CityHallNight_21720170265

This week in City Hall - the Board of Supervisors meeting lasted 7 hours. SEVEN HOURS! Hours of debate as homeless advocates fought Jeff Sheehy's chop shop legislation, and the Chinese American community fought a MCD in the Outer Sunset. Also, Supervisor Peskin introduces another charter amendment.

Board of Supervisors Meeting, October 3rd, 2017

Meeting Length, 7 hrs, 41 minutes

After months of negotiations and debate, Supervisor Jeff Sheehy's chop shops legislation finally (finally!) got a vote at the Board of Supervisors, passing on a 9-2 vote. The legislation had been watered down a number of times; taking its jurisdiction away from the Police Department and giving it to Public Works, and then prohibiting Public Works from charging an impound fee. Even though the revised legislation gained the support of the Bike Coalition, the legislation still faced fierce opposition from homeless advocates. Supervisors Fewer and Ronen dissented.

The chop shop legislation is aimed at reducing bicycle theft. You can read our original article about Supervisor Jeff Sheehy's chop shop legislation here.

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Another long-fought battle came to a head as the medical cannabis dispensary in the Outer Sunset came before the Board for approval. Dozens of protestors came out for the hearing, particularly from the Chinese American community who live in the area, and also from the religious conservative non-profit Pacific Justice Institute. In a stunning 9-2 vote, the Supervisors denied the MCD from moving forward. Many Supervisors spoke out against the Pacific Justice Institute, but recognized the significant neighborhood outcry. Supervisors Cohen and Sheehy were the sole votes in favor o the MCD.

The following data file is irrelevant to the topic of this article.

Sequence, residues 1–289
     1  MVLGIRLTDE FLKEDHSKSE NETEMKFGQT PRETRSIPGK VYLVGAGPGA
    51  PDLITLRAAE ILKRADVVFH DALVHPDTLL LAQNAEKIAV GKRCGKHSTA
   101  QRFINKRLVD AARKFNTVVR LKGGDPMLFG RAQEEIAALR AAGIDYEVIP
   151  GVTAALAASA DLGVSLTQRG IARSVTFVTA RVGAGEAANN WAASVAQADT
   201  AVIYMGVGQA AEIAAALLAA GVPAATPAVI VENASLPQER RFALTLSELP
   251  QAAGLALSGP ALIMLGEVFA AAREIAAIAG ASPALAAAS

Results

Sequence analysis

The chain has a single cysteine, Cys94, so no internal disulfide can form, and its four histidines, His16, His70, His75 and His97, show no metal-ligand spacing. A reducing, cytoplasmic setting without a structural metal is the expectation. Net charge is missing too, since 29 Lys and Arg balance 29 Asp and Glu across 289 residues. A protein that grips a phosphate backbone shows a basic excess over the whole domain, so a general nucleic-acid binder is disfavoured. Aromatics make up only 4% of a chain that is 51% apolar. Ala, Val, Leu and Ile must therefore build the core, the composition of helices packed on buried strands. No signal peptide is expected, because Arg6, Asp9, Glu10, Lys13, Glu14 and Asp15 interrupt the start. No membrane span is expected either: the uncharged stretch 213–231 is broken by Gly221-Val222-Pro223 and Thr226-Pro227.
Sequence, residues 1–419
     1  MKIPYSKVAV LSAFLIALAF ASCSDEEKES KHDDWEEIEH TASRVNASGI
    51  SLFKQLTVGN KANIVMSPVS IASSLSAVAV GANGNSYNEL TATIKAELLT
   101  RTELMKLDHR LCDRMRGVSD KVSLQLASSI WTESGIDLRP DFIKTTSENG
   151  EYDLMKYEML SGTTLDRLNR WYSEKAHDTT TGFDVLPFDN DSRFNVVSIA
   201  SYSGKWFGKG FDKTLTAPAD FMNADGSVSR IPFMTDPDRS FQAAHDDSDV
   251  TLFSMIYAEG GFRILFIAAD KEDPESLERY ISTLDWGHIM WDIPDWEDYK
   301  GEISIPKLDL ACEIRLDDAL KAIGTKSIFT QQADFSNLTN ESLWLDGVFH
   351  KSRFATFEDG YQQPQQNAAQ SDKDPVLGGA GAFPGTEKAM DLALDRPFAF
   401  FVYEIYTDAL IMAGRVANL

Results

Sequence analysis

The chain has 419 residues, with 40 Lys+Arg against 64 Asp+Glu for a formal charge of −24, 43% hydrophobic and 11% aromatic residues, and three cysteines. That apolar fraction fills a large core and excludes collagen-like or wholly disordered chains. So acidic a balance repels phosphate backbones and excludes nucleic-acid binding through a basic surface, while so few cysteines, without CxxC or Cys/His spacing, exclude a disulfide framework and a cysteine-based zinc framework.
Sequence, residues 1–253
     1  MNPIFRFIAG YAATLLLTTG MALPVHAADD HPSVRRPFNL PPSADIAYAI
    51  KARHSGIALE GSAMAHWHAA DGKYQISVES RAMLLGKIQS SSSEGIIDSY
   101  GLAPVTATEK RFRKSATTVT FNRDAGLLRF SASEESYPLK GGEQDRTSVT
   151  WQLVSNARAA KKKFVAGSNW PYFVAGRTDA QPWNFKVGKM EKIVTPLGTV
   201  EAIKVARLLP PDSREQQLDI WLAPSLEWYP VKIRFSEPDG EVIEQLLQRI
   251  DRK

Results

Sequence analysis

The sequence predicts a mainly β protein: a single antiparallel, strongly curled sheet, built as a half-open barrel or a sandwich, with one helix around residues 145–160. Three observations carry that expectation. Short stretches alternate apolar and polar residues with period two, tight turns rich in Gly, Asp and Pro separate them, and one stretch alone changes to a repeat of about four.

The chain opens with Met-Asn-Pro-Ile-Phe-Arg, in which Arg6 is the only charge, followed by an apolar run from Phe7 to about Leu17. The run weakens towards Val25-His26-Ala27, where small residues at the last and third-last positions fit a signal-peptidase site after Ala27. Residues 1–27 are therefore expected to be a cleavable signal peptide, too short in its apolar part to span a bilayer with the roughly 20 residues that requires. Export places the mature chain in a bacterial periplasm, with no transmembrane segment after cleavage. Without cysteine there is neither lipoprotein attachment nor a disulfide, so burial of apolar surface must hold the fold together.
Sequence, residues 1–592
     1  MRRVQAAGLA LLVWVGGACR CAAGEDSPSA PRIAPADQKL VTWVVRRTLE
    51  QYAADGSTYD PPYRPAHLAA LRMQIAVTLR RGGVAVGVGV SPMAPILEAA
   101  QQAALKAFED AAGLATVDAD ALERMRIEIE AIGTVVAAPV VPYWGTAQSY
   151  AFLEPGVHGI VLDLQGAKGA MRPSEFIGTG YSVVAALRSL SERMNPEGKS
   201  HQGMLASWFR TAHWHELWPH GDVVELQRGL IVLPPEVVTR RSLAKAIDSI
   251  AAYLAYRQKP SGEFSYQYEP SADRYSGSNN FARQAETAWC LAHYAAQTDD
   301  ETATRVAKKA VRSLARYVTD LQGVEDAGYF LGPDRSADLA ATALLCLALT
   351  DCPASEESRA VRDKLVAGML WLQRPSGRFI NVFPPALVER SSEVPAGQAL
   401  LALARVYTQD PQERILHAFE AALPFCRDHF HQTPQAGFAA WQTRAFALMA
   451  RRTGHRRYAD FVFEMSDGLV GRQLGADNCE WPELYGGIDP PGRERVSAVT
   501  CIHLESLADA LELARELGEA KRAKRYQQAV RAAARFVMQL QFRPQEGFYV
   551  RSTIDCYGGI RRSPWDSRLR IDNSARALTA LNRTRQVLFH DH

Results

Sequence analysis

You can read our full article about the Outer Sunset MCD debate here.

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The list of ballot measures for 2018 has begun to pile up, with Supervisor Peskin requesting the City Attorney to begin drafting a charter amendment to alter the composition of the Retirement Board to include more Supervisors. Peskin indicated that the charter amendment would be part of his effort to get the Retirement Fund to divest from fossil fuels.

The Retirement Board is a governing body that rules over the San Francisco Employee's Retirement System. 3 members of the Board are elected by SF city employees, 3 are appointed by the Mayor, and 1 is appointed by the Board of Supervisors President.

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Supervisor Peskin also introduced a new board rule, recommended by the Ethics Commission, which would restrict the ability of board and commission members (and the Supervisors, we would assume) to vote on issues if they fail to file their Form 700 on time.

The Form 700 is a statement of economic interests that many public officials must file to disclose their business investments.

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The board meeting adjourned in memory of all the people who were lost during the mass shooting in Las Vegas this past week.

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